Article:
As hurricane needs swell, some suggest steering clear of Red Cross. WHY

As hurricane needs swell, some suggest steering clear of Red Cross. Why? (Source

The American Red Cross, a 136-year-old institution that is usually among the first to swoop in and set up shelters, health clinics and mobile kitchens in times of need, is one of the big and traditional beneficiaries of donations when disasters happen.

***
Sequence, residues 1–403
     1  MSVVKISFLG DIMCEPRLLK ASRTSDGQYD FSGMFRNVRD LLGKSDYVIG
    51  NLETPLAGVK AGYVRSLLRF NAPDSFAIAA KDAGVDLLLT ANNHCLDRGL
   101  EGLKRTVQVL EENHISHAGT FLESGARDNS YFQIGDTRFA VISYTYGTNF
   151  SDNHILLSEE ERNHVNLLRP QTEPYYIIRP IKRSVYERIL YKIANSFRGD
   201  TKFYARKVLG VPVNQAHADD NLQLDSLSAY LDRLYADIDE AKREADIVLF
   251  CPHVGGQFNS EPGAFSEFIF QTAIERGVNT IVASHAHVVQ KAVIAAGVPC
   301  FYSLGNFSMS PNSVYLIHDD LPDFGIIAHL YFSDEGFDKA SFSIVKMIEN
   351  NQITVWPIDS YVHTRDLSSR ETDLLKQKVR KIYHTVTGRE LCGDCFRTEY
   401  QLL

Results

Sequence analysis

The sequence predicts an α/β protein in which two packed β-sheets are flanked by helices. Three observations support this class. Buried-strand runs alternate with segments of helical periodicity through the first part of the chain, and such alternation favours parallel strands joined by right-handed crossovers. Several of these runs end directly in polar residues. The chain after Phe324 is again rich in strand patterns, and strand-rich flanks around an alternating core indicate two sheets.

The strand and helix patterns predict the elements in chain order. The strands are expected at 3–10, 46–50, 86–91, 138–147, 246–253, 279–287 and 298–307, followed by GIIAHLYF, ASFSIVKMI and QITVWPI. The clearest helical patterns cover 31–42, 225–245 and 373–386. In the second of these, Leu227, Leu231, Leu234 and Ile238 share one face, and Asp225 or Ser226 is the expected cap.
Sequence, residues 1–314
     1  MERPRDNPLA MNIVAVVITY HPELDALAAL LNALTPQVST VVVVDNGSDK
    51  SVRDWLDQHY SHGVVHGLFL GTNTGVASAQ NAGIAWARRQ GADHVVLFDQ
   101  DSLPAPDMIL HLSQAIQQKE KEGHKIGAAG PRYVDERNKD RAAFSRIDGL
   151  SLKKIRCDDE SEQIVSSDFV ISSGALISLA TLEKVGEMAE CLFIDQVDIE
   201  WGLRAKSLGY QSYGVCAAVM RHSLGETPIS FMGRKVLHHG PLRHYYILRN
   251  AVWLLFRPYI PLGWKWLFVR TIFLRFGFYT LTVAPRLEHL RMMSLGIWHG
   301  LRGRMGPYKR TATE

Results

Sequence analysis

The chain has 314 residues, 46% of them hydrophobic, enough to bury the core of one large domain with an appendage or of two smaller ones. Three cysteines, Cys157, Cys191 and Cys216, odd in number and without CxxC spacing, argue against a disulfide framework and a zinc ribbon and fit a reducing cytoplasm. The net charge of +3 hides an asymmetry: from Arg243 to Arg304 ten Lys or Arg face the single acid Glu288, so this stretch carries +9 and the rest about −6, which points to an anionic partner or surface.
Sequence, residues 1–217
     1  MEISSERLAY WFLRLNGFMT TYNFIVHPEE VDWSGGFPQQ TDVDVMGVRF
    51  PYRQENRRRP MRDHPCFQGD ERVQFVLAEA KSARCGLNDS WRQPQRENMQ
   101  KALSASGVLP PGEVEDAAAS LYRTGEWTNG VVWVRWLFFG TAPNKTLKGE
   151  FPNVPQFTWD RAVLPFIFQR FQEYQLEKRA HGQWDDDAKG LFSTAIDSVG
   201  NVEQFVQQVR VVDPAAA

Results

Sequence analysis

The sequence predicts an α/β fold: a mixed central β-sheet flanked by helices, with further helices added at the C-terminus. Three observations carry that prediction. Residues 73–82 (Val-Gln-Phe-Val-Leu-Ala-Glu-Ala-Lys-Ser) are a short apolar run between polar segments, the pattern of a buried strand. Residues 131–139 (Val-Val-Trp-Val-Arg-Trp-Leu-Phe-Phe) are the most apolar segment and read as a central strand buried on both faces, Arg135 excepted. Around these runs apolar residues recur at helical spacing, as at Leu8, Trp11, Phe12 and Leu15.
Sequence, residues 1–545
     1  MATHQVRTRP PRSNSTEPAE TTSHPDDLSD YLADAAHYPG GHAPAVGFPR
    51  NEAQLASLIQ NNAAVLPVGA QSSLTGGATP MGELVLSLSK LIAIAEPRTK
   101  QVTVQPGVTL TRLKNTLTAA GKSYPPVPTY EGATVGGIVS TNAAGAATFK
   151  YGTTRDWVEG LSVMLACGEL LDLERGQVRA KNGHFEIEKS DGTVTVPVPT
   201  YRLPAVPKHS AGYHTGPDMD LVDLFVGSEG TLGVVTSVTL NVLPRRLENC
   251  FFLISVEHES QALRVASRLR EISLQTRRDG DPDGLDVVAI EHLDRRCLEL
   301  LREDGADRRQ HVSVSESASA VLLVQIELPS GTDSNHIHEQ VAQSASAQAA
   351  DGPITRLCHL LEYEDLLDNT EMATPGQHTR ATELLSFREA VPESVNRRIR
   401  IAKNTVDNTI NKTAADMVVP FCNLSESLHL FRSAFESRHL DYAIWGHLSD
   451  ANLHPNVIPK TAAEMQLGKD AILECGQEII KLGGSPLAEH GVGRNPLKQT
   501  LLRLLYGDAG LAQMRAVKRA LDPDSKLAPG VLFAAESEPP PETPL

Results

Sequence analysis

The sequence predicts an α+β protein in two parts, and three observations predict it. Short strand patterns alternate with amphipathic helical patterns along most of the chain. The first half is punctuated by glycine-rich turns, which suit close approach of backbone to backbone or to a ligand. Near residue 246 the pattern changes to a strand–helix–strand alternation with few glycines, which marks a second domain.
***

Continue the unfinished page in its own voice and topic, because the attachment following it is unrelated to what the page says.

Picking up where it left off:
Since Hurricane Harvey hit Texas, the Red Cross has collected $211 million. Recent criticisms of the organization on Twitter and Facebook — sentiments that can be summed up as “donate elsewhere” — recently led American Red Cross CEO Gail McGovern to issue a video statement insisting it does, with 91 cents of every dollar going to Hurricane Harvey relief.  “Americans work hard for their money,” she said. “That’s why we’re committed to being the very best stewards of our donor’s dollars. We keep our expenses low.”  Her defense of the organization comes as the recent hurricanes have resurfaced stinging critiques. A congressional report and several media investigations have found fault with the Red Cross’ management and performance, suggesting the organization spends as much as 25% of donations on administrative, promotional and overhead costs. A study released last summer by Sen. Charles Grassley, R-Iowa, claimed the Red Cross had spent $124 million — or a quarter of the money donors gave after the devastating 2010 earthquake in Haiti — on internal expenses. Since 2014, National Public Radio and ProPublica have teamed up for investigations into Red Cross spending. Those reports argue that the agency, whose main role is as a blood broker, spends just a small fraction of its money on its high-publicity disaster relief programs and has made “dubious claims of success.” The outlets’ reports specifically slammed the agency’s response to Superstorm Sandy and Hurricane Isaac in 2012. And last year, the Red Cross came under more fire from the outlets, which reported that its response to flooding in Louisiana had drawn significant complaints from relief organizers who often were left without promised assistance.


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